One year after the creation of the state's anti-bullying law, Haverhill school officials said they are seeing positive results.
Principals said the district's new system for reporting bullying incidents has allowed them to crack down quickly.
Though thankful for the increased protection, some parents say the rules don't go far enough in protecting their children and punishing bullies.
Haverhill High Principal Bernard Nangle said that about a year ago, school officials became aware of a website called "Haverhill's Phattest" that made fun of the looks and clothing of some students from Haverhill, Whittier Regional High and Andover High. He said a parent complained about the site to school officials, who contacted police. They were able to eliminate the site from the Internet, but did not discover who created it, he said.
Nangle said the site contained photos of about 20 students. It existed for three weeks, he said.
School officials said they continue to be vigilant of bullying, whether it is electronic as in the website, verbal or physical.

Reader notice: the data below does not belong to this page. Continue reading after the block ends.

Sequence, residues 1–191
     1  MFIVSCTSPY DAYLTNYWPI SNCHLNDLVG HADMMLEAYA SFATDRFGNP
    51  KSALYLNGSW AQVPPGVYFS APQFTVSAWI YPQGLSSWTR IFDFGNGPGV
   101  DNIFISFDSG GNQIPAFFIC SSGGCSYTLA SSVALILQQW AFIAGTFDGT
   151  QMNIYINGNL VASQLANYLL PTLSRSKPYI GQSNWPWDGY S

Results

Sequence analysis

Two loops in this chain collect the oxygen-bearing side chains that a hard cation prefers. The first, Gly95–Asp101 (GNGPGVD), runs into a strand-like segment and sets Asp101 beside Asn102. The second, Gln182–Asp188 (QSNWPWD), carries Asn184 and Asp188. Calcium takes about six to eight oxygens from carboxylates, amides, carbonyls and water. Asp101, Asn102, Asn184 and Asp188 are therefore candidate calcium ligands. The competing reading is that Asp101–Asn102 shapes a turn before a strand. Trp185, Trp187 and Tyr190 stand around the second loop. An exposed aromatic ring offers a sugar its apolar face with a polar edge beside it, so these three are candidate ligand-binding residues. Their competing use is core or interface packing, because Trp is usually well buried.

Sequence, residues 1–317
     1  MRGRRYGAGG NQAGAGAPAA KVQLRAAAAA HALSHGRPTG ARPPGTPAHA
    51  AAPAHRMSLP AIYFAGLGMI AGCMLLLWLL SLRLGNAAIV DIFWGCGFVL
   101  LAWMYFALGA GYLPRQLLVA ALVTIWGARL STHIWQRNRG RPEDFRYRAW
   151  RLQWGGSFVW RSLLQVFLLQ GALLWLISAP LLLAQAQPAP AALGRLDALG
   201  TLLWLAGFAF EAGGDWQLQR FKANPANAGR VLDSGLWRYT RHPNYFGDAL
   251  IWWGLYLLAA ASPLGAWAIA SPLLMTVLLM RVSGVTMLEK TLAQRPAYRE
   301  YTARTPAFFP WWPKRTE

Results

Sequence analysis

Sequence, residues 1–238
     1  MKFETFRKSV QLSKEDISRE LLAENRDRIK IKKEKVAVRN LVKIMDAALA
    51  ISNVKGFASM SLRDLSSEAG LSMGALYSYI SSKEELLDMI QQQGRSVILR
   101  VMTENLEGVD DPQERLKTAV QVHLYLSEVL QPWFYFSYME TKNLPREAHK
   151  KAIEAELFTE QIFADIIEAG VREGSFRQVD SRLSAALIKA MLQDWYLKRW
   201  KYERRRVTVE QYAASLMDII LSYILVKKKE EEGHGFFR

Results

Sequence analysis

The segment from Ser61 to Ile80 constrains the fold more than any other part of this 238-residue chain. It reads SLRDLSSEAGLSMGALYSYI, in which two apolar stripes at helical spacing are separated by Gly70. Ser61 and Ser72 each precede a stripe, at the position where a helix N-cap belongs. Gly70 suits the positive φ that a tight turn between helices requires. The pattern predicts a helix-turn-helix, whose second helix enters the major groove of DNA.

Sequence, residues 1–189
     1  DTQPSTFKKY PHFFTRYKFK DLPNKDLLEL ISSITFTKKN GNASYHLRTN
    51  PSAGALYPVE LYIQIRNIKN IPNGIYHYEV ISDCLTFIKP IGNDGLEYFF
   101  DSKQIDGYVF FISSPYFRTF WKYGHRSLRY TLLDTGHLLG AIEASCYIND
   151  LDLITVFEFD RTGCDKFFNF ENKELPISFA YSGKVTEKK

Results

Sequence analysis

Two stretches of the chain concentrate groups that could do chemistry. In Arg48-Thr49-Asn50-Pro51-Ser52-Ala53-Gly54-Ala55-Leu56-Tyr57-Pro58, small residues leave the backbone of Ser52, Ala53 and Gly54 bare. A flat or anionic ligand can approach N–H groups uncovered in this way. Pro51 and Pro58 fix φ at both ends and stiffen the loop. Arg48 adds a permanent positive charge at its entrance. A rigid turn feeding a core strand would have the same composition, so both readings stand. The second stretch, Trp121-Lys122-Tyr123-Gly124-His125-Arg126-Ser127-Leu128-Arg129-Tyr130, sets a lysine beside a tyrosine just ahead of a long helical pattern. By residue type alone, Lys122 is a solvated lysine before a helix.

Nangle said Haverhill High officials have received three reports of bullying this year and about 40 reports last year. Of those, 15 required action beyond the reporting of the incident, he said. Most of the reports involved name-calling, while the second most common was harassing text messages, he said.
School Committee member Paul Magliocchetti said he plans to raise the bullying issue at an upcoming School Committee meeting. He said the number of incidents at Haverhill High seems excessive.
"One is too many," he said. "The kids have to understand we're living in a very different world now."
The anti-bullying law, passed in May of 2010 following the suicides of two Massachusetts students, requires school districts to create methods of reporting and documenting bullying in school, online or elsewhere. In addition, the law also requires classes about bullying intervention for both students and educators.